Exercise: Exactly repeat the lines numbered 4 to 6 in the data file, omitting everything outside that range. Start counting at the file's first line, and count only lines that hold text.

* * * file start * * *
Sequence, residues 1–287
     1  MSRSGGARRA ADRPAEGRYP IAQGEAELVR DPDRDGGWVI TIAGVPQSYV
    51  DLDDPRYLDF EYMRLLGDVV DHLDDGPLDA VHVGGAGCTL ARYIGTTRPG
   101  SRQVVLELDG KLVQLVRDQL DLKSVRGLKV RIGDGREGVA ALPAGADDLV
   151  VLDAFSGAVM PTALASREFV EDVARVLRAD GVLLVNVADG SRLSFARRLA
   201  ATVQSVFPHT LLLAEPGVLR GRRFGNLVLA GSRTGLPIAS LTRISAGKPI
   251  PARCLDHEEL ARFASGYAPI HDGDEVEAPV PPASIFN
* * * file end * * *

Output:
   101  SRQVVLELDG KLVQLVRDQL DLKSVRGLKV RIGDGREGVA ALPAGADDLV
   151  VLDAFSGAVM PTALASREFV EDVARVLRAD GVLLVNVADG SRLSFARRLA
   201  ATVQSVFPHT LLLAEPGVLR GRRFGNLVLA GSRTGLPIAS LTRISAGKPI